JUST THE FACTS MA'AM: Using Sean McCoy's Investigation Sheet in CoC

Does the investigator on the right just think this all
is a bad black mold infestation? Too calm...

Recently, a friend started a pandemic Call of Cthulhu campaign with me using a 1-on-1 set-up. The idea was that my Arkham city investigator, Henry Heart, PI (hat-tip to you Sam Spade & Joe Dimond), could easily be joined by any number of other characters should friends and family want to join us as they desired. The backbone of the campaign would be mostly short investigations and one-shot adventures.

CoC suggestion #1: CoC is very conducive to a one-player and one-GM set-up: combat light and friends can drop-in/-out.

CoC suggestion #2: DON'T BUY ANYTHING- grab some d10s and download the free quickstart rules which are FAR better than the player's handbook for CoC.

Now, I really wanted to stick to the basics of running an investigation. I wanted to actually try to work out suspects, locations, motives, and weapons to give to the cops instead of just jumping to, "Whelp no doubt this is the work of that old slimy bastard of the benthic zone-- Cthulhu!" Yes, I know most CoC stories end in just that revelation (of various colours), but maybe I could also just solve investigations by proving whoever the Arkham cops caught was innocent. Saves the trouble of convincing folks of magic.

This reminded me of Sean McCoy's post on Failure Tolerated about investigations. I particularly enjoy the investigator's sheet he put together in his post and re-created my own in Google Slides. I also agree with Sean that doing actual investigating is where the fun of CoC lay.

For my 3rd investigation, I began using Sean's sheet (see below). This sheet has been pretty great both as a meta-game tool and an in-game object. That duality is what I think is so nifty- it works well in both contexts. This is not how I feel about the "quest log" in D&D which can be a handy tool for the players but feels weird from a character's in-world POV. The sheet also has been helpful in culling the many "can do" courses of action into "should do" actions. Also helpfully points out that while we might understand what is going on (or have a strong guess), we can only prove about half of it to the cops.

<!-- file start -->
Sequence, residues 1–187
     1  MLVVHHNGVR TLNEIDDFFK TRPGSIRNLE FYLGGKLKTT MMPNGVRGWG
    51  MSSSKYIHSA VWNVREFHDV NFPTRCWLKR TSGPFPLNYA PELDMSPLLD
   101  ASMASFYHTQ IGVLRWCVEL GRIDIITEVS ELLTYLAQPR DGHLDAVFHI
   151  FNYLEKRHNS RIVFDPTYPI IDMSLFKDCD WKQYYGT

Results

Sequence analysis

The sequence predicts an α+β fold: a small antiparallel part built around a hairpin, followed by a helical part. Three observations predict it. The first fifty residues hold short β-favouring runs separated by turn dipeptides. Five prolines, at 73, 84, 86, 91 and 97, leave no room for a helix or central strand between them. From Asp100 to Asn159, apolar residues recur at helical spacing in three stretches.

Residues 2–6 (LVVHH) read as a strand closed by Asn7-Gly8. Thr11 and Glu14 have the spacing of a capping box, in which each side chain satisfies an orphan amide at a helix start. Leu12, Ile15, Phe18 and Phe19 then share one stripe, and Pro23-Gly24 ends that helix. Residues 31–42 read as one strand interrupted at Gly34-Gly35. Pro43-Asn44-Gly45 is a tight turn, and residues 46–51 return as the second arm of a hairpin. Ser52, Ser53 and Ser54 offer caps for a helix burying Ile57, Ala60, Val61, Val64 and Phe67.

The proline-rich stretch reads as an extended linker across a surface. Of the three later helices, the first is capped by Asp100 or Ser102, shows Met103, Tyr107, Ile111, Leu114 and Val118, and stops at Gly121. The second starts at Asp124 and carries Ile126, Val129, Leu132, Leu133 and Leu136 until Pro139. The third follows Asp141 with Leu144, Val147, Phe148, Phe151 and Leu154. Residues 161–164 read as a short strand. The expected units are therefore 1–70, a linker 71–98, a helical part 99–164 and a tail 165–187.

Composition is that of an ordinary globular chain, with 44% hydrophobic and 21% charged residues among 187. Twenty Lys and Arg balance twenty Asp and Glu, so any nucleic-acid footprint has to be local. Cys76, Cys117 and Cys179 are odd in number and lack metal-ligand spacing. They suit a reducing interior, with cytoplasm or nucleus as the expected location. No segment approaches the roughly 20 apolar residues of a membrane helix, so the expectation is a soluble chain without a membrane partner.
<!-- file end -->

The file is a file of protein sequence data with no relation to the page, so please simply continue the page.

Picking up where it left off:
Wish I had used one for the first 2 investigations

In the original article, Sean suggested the investigation sheet could be used in "reverse" to help a CoC Keeper establish a mystery. I think this is quite smart advice and so I tried it out using the intro scenario The Haunting from the quick start rules above. And here is what you get:

Investigation Sheet for The Haunting

Now, sure, The Haunting is a decent starting adventure for teaching the players what to do mechanically in CoC. And perhaps the Keeper as well. However, it does not really help me understand how to build a good mystery. The players are told that their client, Mr. Knott, wants them to figure out what happened to the Macario family while living in the Corbitt house so he can clear the property of its bad reputation. The game instructs the players (literally via Handout #1) to seek information at the newspaper, library, and police department and Mr. & Mrs. Macario are in an asylum.

If the players jump to the Marcarios they will learn there is a "spirit" in the house. If they go through documentary evidence they will learn that Corbitt built the house, was sued by neighbors, died, and the will was carried out by Pastor Thomas who fled the state in 1917. Thomas is connected to a shady church that burned. So, there is really nothing to puzzle out except what's in the house- but would new characters be motivated to believe in the supernatural? The meta-logic of CoC is going to cause the players to think so, but why would the characters?

CoC suggestion #3: Anytime players immediately jump to a supernatural explanation out loud, in character or out, as a reason for X events, drop their Sanity by 1d2 representing the character slowing choosing the irrational over the rational; 1d8 if they agree to increase their Cthuhlu score by 1